Supreme Court Rules that Karta can Sell Ancestral Property on Account of Legal Necessity


August 21, 2018

In this case, taken up by Two-Judge Bench of the Supreme Court, the Court has ruled that Karta of the Family can sell share in ancestral property on account of legal necessity even without obtaining due consent of other coparceners. However, the evidence of legal necessity shall be appropriately showcased in such cases.


Case name: Kehar Singh (D) Thr. L.Rs. & Ors. v. Nachittar Kaur & Ors.

Date of Judgment: August 20, 2018

Coparcener has no right to challenge sale made by Karta

In the case, the cause of action pertained to sale of suit property by the Karta of the family to the defendant purchasers of the property.

Hence, the dispute in the case was between the son, father and the purchasers of the suit land from father. The father had sold the suit property to the defendant purchasers. Subsequently, the appellant alleged that the suit land was an ancestral property of the family of which the appellant was a member. The appellant also alleged that he had share in the property alongwith his father as one of the coparceners and hence his father had no right to sell the suit land without obtaining the plaintiff’s consent.

Bench’s Verdict

The Supreme Court in the case dismissed the appeal while making the following observations in the case:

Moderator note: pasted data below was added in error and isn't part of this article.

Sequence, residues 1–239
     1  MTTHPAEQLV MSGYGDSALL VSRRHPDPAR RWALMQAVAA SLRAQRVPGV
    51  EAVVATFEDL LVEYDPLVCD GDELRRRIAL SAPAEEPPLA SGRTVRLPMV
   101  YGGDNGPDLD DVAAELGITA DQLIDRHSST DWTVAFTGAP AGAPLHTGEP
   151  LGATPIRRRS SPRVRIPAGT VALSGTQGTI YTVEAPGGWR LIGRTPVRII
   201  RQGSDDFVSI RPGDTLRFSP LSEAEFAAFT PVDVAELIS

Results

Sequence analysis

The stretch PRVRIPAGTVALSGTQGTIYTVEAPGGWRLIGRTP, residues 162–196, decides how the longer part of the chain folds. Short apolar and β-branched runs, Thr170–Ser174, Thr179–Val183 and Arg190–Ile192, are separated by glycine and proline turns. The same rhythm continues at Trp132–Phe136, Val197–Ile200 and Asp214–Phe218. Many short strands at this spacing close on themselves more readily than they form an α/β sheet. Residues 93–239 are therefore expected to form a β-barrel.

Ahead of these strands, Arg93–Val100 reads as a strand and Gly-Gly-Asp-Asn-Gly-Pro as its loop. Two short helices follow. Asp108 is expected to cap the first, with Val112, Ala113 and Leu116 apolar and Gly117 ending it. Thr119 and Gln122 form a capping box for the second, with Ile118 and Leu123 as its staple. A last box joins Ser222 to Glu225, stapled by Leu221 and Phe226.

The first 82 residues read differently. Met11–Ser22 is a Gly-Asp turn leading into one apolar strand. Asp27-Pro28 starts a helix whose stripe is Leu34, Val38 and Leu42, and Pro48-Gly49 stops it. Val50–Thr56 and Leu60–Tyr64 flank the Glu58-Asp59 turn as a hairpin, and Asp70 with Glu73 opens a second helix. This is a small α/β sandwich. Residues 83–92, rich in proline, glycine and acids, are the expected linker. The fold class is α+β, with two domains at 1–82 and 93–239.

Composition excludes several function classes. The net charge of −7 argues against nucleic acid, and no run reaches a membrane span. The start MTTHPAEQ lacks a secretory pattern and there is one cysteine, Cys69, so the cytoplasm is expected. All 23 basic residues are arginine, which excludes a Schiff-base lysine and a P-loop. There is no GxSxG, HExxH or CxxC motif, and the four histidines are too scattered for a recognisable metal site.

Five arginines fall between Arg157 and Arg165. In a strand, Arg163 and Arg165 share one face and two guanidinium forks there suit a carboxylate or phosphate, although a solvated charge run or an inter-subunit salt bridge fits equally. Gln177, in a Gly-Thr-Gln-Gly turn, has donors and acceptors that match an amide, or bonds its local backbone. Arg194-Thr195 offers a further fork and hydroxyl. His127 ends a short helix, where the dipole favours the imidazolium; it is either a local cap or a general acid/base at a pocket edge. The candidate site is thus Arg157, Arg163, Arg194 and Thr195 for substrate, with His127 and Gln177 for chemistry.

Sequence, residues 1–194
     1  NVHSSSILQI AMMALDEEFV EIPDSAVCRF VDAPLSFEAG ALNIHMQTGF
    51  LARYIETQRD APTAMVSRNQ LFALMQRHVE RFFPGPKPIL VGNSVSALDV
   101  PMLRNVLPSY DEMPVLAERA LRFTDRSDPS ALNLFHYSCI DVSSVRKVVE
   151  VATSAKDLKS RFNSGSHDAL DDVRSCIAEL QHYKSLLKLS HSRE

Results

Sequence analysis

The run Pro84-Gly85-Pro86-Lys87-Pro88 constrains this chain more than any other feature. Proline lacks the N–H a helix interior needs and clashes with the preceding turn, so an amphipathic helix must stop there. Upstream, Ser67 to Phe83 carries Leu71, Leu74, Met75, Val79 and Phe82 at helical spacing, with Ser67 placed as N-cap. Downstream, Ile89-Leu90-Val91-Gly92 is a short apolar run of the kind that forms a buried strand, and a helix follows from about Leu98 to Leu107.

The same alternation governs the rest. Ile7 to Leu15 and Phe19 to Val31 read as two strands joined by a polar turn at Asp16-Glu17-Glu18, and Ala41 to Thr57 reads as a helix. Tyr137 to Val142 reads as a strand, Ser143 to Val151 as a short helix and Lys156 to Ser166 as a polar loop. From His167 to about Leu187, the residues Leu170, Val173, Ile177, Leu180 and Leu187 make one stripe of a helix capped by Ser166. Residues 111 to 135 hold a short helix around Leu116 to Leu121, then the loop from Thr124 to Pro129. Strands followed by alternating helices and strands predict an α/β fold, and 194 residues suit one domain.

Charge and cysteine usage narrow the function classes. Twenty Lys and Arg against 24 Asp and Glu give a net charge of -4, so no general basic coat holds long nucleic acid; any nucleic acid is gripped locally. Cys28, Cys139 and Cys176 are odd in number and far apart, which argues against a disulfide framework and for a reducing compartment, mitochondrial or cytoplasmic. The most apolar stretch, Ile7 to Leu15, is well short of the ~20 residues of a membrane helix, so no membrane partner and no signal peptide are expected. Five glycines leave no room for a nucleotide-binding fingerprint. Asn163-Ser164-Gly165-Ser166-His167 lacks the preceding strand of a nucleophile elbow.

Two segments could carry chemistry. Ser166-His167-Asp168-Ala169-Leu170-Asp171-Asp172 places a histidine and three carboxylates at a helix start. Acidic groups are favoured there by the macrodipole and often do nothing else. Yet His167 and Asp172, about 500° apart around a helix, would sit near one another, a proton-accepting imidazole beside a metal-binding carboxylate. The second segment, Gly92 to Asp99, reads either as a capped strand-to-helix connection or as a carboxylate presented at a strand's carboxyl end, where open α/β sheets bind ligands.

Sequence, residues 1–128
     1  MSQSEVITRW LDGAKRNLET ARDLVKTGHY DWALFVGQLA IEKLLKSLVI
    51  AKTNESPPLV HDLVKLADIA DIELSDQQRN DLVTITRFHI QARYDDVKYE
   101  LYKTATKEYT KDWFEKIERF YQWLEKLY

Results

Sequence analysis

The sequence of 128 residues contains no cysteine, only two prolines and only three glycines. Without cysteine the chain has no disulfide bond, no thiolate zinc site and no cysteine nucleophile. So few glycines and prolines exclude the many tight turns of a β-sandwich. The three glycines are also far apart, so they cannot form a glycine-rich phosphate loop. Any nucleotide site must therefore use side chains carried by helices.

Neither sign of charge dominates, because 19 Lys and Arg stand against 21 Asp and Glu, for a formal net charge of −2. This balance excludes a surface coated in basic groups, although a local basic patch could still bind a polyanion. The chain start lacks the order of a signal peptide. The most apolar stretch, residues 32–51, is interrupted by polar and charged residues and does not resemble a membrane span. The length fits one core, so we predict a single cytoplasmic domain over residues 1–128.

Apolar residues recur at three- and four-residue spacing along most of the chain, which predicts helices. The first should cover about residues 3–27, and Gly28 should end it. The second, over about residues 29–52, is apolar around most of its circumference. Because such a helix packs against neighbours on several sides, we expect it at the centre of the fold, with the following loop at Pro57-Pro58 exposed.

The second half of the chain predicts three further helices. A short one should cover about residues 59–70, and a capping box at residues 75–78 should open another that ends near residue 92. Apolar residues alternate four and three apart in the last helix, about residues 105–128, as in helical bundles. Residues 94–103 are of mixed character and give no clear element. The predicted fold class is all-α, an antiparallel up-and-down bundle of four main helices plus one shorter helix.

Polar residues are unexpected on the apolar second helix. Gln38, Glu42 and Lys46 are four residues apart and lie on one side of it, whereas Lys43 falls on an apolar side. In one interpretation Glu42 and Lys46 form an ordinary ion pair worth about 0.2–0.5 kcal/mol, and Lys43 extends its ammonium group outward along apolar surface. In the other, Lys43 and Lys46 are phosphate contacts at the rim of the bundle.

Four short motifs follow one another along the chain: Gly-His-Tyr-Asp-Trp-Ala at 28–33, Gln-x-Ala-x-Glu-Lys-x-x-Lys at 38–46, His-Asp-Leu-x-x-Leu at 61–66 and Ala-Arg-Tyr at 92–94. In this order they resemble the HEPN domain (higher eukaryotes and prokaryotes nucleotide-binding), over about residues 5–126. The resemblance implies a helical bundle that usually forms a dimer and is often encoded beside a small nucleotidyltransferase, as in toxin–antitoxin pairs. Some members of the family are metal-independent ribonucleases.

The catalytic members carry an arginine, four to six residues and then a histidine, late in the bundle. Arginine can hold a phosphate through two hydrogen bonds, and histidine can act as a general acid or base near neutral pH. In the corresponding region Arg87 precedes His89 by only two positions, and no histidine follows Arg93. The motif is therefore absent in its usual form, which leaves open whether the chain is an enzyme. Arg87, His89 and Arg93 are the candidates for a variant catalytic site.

• Through the material available on record, the Court noted that firstly, the family owed two debts and secondly the family also needed money to make improvement in agricultural land belonging to the family.
  • The Court noted that Pritam Singh, being a Karta of the family, had every right to sell the suit land belonging to family to discharge the debt liability and spend some money to make improvement in agriculture land for the maintenance of the family. 
  • In view of legal necessity for sale of ancestral property by the Karta, the Supreme Court validated the sale of suit property in the case by Defendant no.1 i.e. the Appellant’s father.
  • While arriving at its decision, the Supreme Court also made reference to the test laid down in Hindu Law as explained by Mulla in Article 254(2) read with Article 241 (a) and (g) e. once the factum of legal necessity stood proved, then no coparcener has a right to challenge the sale made by the Karta of his family. 

The entire case can be accessed here.